Tampa Bay farmers, horse trainers struggling through wet weather

A truck pours gravel on a driveway after heavy rains in July at Marousa Placiotis’ Noah’s Ark on Wheels petting zoo. 
A truck pours gravel on a driveway after heavy rains in July at Marousa Placiotis’ Noah’s Ark on Wheels petting zoo. 
Published Aug. 15, 2015

ODESSA — Katelyn Whipple fell asleep to the sound of rain on Aug. 1.

She woke up in the morning and looked out her front door in shock: Most of her 10-acre ranch was flooded.

"Nothing like this had happened before," Whipple said. "You feel like you can't do anything."

Since then, Whipple's property has been hit hard by the heavy rains that have pounded the Tampa Bay area since late July.

Whipple is among many Tampa Bay horse trainers and farmers persevering through this year's wet summer — though it hasn't been easy.

Along with her husband, Whipple leases the ranch called Hillside Hunter Jumpers with 25 horses, some goats and a few cats and dogs. The couple have been training and boarding horses for 10 years.

Their training fields are submerged in water, which isn't draining fast enough, and the first story of her house — where she keeps her feed for the horses — is also flooded.

The couple has had to move all of its animals to dry land, an ordeal that has been as costly as it has been stressful.

Other homes and businesses in Whipple's tight-knit farm community were affected, too.

One of those businesses, Noah's Ark on Wheels, is a 10-acre petting zoo that has been operating for 20 years.

Eight acres of the zoo are 2 feet underwater, said Marousa Placiotis, one of its owners.

Noah's Ark's animals serve as therapeutic relief for disabled and foster children, some of the zoo's main visitors. But now the zoo is temporarily shut down, and Placiotis' nearly 80 animals are confined to an acre of dry land on the property.

The zoo also has new, unwelcome additions, Placiotis said: alligators, catfish and eels.

"All of the alligators are moving in," she said. "I've got one big guy right now. It's going after my ducks and chickens. We can't get trappers out here fast enough."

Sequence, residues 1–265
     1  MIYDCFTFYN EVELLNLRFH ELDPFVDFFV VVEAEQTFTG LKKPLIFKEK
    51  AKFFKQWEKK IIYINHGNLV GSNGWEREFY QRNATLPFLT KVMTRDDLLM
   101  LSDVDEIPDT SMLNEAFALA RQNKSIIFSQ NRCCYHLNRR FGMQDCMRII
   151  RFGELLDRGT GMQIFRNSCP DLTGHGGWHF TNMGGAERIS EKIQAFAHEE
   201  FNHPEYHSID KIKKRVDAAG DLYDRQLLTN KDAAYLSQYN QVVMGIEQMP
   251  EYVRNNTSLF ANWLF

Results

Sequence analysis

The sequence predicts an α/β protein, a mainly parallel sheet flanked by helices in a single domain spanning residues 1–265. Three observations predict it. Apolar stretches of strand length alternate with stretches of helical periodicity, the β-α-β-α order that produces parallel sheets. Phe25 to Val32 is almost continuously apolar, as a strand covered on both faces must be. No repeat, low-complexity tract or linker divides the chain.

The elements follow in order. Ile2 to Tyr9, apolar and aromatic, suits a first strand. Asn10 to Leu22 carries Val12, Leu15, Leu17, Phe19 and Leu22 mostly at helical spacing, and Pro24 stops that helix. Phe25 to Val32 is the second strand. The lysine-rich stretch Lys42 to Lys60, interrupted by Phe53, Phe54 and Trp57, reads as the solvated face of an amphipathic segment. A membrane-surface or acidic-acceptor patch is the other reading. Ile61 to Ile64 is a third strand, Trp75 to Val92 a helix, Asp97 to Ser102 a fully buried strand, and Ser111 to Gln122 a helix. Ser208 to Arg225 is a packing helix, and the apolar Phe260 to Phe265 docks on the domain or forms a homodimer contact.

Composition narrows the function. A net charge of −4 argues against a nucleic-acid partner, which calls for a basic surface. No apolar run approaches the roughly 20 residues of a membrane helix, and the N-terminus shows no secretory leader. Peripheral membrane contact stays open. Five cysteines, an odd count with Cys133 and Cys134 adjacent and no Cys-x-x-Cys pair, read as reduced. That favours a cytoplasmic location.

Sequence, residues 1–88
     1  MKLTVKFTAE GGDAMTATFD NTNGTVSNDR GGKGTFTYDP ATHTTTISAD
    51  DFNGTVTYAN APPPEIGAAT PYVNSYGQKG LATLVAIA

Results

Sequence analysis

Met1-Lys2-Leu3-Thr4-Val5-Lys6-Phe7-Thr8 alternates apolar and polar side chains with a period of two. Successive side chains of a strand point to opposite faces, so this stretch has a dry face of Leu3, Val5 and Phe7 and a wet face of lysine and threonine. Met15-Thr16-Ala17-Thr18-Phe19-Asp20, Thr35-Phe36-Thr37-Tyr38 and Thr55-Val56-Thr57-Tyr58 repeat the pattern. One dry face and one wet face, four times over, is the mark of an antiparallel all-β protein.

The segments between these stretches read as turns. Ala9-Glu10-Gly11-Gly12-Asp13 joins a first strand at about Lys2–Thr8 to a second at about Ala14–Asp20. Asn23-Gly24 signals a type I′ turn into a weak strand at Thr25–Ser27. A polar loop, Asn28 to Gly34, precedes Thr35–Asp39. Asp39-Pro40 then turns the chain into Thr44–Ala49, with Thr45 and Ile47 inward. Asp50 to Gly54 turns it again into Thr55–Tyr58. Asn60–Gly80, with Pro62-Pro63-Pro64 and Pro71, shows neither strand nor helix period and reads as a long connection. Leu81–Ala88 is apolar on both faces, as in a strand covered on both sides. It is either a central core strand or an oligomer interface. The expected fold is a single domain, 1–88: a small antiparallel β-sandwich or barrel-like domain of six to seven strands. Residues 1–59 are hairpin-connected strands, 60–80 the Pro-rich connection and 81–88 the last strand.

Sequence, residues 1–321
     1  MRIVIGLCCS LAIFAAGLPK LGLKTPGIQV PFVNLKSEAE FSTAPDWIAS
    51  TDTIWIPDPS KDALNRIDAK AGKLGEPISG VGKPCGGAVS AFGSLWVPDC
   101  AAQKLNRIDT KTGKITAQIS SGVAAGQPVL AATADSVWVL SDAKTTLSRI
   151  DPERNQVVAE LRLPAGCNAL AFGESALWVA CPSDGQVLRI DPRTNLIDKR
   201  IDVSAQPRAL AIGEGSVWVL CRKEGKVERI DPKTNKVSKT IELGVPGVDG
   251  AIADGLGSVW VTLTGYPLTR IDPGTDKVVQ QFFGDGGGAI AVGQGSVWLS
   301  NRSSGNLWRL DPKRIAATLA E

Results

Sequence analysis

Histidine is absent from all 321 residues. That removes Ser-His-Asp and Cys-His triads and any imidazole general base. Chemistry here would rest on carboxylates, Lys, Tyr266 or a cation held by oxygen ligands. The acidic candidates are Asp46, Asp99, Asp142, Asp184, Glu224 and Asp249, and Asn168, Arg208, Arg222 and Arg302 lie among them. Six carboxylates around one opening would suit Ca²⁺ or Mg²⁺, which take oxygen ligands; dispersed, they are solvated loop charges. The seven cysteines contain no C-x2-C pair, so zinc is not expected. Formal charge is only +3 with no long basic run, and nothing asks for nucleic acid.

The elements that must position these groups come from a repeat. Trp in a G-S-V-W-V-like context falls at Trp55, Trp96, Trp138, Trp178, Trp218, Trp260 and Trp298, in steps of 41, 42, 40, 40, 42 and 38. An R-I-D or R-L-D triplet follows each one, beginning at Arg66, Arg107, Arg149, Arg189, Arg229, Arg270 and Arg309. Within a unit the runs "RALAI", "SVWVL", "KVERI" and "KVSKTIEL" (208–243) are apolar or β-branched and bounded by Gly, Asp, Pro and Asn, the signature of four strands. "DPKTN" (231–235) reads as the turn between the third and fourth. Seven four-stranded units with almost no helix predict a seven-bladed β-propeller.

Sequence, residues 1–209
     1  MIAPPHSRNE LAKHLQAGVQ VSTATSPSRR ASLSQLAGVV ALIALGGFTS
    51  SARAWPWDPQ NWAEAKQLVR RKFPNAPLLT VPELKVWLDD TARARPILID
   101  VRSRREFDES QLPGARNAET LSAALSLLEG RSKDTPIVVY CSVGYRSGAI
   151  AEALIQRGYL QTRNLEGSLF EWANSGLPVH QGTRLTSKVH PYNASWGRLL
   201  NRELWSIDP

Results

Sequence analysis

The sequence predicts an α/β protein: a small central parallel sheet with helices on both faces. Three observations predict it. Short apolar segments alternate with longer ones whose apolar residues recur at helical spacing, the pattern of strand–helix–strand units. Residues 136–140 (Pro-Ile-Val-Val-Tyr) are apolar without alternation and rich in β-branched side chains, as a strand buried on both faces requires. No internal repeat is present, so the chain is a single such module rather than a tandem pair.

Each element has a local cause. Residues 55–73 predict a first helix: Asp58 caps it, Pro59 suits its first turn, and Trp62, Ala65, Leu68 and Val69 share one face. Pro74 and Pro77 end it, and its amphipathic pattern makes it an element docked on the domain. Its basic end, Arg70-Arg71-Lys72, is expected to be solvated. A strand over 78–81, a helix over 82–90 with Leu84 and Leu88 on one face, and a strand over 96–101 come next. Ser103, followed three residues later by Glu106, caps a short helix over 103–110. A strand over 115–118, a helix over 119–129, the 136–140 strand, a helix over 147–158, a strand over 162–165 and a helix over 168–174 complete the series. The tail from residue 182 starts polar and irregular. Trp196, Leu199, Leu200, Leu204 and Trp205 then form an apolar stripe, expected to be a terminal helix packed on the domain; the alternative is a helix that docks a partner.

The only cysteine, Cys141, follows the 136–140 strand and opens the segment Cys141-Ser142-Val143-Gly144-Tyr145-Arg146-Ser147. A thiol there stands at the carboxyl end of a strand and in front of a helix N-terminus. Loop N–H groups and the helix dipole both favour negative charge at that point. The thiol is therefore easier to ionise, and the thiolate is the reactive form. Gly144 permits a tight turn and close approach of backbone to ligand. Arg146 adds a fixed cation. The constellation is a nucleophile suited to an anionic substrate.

Andrea Whiting, the owner of Arbordale Riding Academy, said it took a week to relocate all of her 34 horses. In the meantime, Whiting said she canoed past a 4-foot alligator to feed her horses hay at the barn.

"It was a huge process," she said.

Whiting said she is scared about what comes next.

"I don't know what the future is going to hold for me," she said with tears in her eyes. "Our properties are beautiful. You get attached and it's very sad."

Many Odessa residents have started GoFundMe pages to raise donations to repair their homesteads.

"I've gotten tons of support," Whipple said.

Whipple has had neighbors, friends and strangers help her move her horses. But now with the threat of alligators and an overflowed septic tank in her field, she doesn't want to ask for more assistance.

"Right now, I don't want anyone out there because it's so gross," she said.

The Odessa community is working closely with Hillsborough and Pinellas counties to drain the rainwater. On Monday, Placiotis said, U.S. Rep. Gus Bilirakis visited her neighborhood. She said he helped secure an 8-inch pump to help her and some of her neighbors reduce their water level. But Placiotis said that the pump isn't big enough to make an impact and that more needs to be done.

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A nearby lake is causing a lot of problems for Odessa residents. The lake overflowed after all of the rain showers, inundating houses that are close to it.

The wet weather that has been soaking the area should dissipate soon, according to WTSP 10News meteorologist Bobby Deskins.

"The next week or so, they'll get some relief," he said. "Anything getting back to normal is good for them. We're breaking this pattern."